“Security is mostly a superstition. It does not exist in nature, nor do the children of men as a whole experience it. Avoiding danger is no safer in the long run than outright exposure. Life is either a daring adventure, or nothing.” – Helen Keller
I don’t want to live my life being overly cautious, but rather appropriately cautious.
We are discovering in the research of anxiety disorders, OCD, and now depressive disorders, that possessing an Intolerance of Uncertainty (IU) is a common construct linked with higher anxiety and life disruption.
What is IU?
My favorite definition: “Belief that uncertainty, newness, and change are intolerable because they are potentially dangerous” (Steketee et. al 2005, p. 125). IU links threat with uncertainty.
But is uncertainty a threat? Take a moment and ponder one of your favorite memories. What did it involve? Was there any risk? Any vulnerability? Any chance of failure? Most of the best life stories I hear are of those that involve, well, all of these things.
A person who cannot tolerate not knowing actually misses out. How? Isn’t knowledge power?
What happens is this: the more control a person must have, the less control a person has. The more certainty that is sought, the more narrowly circumscribed life becomes. Quick examples:
Want to know how you handle uncertainty? Take the free IUS-12 assessment here. [Go to "Read More" below to find out how to score the assessment.]
Let’s be clear: everyone is uncomfortable with some uncertainty. And reasonable protection from risks is part of being wise- which can also be subjective. But the more you necessitate that certainty must exist, the following is more likely to happen:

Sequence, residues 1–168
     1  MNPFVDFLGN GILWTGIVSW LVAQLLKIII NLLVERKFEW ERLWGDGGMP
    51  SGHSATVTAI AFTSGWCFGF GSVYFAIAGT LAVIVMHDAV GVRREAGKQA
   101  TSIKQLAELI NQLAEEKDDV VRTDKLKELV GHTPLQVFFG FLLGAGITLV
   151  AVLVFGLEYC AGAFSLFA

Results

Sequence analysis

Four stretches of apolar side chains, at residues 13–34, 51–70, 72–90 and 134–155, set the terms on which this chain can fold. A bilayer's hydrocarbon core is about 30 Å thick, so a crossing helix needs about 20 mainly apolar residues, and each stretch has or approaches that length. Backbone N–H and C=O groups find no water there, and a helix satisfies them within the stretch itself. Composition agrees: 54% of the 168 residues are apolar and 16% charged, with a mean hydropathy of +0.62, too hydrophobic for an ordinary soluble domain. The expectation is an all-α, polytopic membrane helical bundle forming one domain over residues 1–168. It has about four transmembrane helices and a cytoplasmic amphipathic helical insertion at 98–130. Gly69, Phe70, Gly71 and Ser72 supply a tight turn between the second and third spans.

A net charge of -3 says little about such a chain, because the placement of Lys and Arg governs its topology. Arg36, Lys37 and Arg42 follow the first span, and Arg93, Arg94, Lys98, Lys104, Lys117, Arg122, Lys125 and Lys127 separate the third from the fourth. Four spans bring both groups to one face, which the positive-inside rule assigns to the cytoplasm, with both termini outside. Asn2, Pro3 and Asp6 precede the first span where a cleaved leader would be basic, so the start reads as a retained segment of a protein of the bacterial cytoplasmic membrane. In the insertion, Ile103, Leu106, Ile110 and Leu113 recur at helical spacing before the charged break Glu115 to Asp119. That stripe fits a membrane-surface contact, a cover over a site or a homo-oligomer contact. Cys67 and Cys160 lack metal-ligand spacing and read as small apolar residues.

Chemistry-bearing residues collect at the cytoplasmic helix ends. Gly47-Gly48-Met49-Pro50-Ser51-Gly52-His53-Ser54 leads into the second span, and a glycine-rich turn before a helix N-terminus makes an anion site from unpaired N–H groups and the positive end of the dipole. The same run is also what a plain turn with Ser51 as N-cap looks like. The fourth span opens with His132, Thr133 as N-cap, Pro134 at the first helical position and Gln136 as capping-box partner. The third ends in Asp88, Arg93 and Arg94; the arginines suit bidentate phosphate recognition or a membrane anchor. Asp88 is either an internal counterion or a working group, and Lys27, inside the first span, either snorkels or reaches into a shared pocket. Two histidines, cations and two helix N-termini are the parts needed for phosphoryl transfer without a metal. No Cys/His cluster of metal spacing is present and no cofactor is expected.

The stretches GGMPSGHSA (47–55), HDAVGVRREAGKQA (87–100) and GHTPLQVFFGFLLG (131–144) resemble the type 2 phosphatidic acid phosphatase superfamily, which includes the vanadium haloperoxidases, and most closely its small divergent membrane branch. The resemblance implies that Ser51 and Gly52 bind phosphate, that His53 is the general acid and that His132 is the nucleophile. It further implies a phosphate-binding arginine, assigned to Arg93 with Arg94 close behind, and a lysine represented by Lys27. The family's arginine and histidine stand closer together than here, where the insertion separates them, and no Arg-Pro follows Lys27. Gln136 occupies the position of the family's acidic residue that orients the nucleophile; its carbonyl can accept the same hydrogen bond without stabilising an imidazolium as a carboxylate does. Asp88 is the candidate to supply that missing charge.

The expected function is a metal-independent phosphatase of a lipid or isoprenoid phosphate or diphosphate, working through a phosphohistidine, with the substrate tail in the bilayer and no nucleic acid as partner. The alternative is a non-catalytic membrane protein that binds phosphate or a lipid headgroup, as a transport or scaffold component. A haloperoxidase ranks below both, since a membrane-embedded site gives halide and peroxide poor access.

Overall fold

In the research on IU, there are also two subset strategies identified: Prospective anxiety (desire for predictability) and Inhibitory anxiety (uncertainty paralysis) (Fourtounas et. al 2016).
If you struggle with any of these, the next questions is this: How do I live with uncertainty and anxiety, while also taking suitable precautions?
The solution is fairly straightforward, but not easy.
Once a problem area has been identified (along with what is reasonable, normative, or within your values), gradually and consistently gain ground by pressing into your fear without using a false reassurance strategy that reinforces the false threat of uncertainty.
In therapy, one of the most powerful tools that exists to deal with uncertainty is what we call Exposure and Response Prevention (ERP). This is the single most effective tool in treating OCD, and it is very valuable in other disorders. The reasons it usually has to be done in therapy are several:
I personally love Exposure because it helps me face life with a “bring-it-on” attitude rather than a “stumble-through-best-I-can.” ERP in therapy is very specific, very structured, and very powerful. However, even the person who is not in therapy can benefit from its principles:
“Some men storm imaginary Alps all their lives, and die in the foothills cursing difficulties which do not exist.” ~Edgar Watson Howe
So what uncertainty are you not letting yourself live with? When is ‘not knowing’ unacceptable to you? Uncertainty is not the problem. It is unrealistic to be 100% certain about most everything in life. Life has few certificates of guarantee, and those are only as good as what is backing them. Ready to face your uncertainty?
[On a more personal note, I challenged myself at every turn to get this blog out quicker, without lingering too long on perfecting every little detail as much as I normally do, because that can lead to delay, missing out entirely on posting something, or just plain ol' exhaustion.]
Fourtounas, Alice & Thomas, Sue. (2016). Cognitive factors predicting checking, procrastination and other maladaptive behaviours: Prospective versus Inhibitory Intolerance of Uncertainty. Journal of Obsessive-Compulsive and Related Disorders. 9. . 10.1016/j.jocrd.2016.02.003.
Frost, R. O., & Steketee, G. (2005). Cognitive approaches to obsessions and compulsions: theory, assessment, and treatment. Amsterdam: Pergamon.
IUS-12 accessed from http://www.midss.org/content/intolerance-uncertainty-scale-short-form-ius-12. The scoring is simple- the higher your score, the more anxiety is characteristic of you- and potential distress that you face. Prospective Anxiety Subscale: sum of items 1,2,4,5,8,9,11. Inhibitory Anxiety Subscale: sum of items 3,6,7,10,12.
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